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Two Poems by C.P. Cavafy

IN A LARGE GREEK COLONY, 200 B.C.

That things in the Colony aren’t what they should be
no one can doubt any longer,
and though in spite of everything we do move forward,
maybe—as more than a few believe—the time has come
to bring in a Political Reformer.

But here’s the problem, the objection:
they make a tremendous fuss
about everything, these reformers.
(What a relief it would be
if they were never needed.) They probe everywhere,
question the smallest detail,
and right away think up radical reforms
that demand immediate execution.
Also, they have a liking for sacrifice:
GET RID OF THAT POSSESSION;
YOUR OWNING IT IS PRECARIOUS:
POSSESSIONS LIKE THOSE ARE WHAT RUIN COLONIES.
GET RID OF THAT INCOME,
AND THE OTHER CONNECTED WITH IT,
AND THIS THIRD, AS A NATURAL CONSEQUENCE:
THEY ARE SUBSTANTIAL, BUT WHAT CAN ONE DO?
THE RESPONSIBILITY THEY CREATE IS DAMAGING.

And as they extend the range of their control
they find an endless number of useless things to eliminate—
things which are, however, difficult to give up.

And when, all being well, they finish the job,
every detail now diagnosed and sliced away,
and they retire (also taking the wages due to them),
it’s a wonder anything’s left at all
after such surgical efficiency.

Maybe the moment hasn’t arrived yet.
Let’s not be too hasty: speed is a dangerous thing.
Untimely measures bring repentance.
Certainly, and unhappily, many things are wrong in the Colony.
But is there anything human without some fault?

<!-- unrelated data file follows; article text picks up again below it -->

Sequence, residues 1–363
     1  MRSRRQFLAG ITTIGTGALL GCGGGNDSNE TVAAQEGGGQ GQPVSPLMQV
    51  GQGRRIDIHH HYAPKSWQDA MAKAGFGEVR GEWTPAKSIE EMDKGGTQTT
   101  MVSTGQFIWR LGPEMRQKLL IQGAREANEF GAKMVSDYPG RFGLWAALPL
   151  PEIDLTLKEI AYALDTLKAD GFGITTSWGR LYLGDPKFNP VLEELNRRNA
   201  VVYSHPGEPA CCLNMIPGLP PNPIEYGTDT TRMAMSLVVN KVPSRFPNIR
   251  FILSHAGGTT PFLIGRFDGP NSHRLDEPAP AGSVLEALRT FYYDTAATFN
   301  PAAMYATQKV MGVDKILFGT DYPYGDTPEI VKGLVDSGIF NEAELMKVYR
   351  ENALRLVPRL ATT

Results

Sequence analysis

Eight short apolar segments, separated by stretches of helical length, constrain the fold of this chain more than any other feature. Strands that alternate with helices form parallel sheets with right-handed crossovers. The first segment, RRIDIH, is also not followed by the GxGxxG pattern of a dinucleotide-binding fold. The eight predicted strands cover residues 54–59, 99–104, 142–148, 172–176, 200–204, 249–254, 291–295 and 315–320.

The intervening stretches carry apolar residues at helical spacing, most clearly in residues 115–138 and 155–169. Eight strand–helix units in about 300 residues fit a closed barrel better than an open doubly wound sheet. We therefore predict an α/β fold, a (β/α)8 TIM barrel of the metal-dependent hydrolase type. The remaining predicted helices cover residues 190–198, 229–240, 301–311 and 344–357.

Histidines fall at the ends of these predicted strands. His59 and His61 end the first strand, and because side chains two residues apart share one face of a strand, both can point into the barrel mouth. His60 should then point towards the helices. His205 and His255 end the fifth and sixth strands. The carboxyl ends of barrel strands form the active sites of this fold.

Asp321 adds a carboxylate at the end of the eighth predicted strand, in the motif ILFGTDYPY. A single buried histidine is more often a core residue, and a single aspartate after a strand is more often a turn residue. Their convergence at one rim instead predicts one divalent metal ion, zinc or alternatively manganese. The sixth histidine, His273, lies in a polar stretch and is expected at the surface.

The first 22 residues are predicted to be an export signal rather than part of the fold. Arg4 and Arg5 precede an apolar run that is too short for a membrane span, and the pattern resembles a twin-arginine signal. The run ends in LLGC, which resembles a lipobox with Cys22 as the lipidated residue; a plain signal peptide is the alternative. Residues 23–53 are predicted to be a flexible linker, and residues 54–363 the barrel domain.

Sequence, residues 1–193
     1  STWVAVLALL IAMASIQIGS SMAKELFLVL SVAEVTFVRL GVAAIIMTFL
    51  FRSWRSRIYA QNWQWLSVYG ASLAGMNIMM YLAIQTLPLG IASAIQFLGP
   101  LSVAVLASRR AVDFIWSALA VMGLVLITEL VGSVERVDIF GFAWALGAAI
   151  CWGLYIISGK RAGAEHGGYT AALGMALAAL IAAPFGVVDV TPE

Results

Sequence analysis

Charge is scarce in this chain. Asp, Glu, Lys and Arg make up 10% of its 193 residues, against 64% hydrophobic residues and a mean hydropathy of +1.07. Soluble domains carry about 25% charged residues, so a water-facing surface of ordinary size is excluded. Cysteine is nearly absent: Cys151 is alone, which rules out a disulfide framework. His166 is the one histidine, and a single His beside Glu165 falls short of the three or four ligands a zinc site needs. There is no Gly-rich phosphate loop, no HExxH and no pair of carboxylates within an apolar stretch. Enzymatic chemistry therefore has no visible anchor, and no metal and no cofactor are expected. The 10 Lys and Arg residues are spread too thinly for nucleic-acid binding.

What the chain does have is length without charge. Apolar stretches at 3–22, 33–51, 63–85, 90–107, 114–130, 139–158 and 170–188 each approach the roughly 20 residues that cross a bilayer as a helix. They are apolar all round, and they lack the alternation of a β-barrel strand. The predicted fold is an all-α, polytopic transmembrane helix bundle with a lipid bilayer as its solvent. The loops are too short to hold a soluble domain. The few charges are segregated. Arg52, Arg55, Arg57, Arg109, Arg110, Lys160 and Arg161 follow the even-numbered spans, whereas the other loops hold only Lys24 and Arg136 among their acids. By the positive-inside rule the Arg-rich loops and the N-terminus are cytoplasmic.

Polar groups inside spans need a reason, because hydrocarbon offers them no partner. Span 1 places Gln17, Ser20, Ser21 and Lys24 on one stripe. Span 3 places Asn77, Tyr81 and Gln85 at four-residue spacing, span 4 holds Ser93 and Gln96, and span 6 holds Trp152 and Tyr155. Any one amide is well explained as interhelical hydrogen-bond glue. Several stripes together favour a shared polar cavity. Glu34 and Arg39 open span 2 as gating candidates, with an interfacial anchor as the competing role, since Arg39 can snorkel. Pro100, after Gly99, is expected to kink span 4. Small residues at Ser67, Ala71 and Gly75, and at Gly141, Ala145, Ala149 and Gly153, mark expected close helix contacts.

And after all, you see, we do move forward.

A PRINCE FROM WESTERN LIBYA

Aristomenis, son of Menelaos,
the Prince from Western Libya,
was generally liked in Alexandria
during the ten days he spent there.
In keeping with his name, his dress was also modestly Greek.
He received honors gladly,
but he didn’t solicit them; he was unassuming.
He bought Greek books,
especially history and philosophy.
Above all he spoke very little.
Word spread that he must be a profound thinker,
and men like that naturally don’t speak very much.

He was neither a profound thinker nor anything at all—
just a piddling, laughable man.
He assumed a Greek name, dressed like the Greeks,
learned to behave more or less like a Greek;
and all the time he was terrified he’d spoil
his reasonably good image
by coming out with barbaric howlers in Greek
and the Alexandrians would start making fun of him,
as they have a way of doing, those disgusting people.

This was why he limited himself to a few words,
terribly careful of his syntax and pronunciation;
and he suffered no little agony, having
conversation on conversation heaped up inside him.

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